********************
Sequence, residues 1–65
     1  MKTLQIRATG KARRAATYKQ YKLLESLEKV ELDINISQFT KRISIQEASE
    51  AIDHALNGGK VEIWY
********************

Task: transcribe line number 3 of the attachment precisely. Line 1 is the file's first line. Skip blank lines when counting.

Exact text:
    51  AIDHALNGGK VEIWY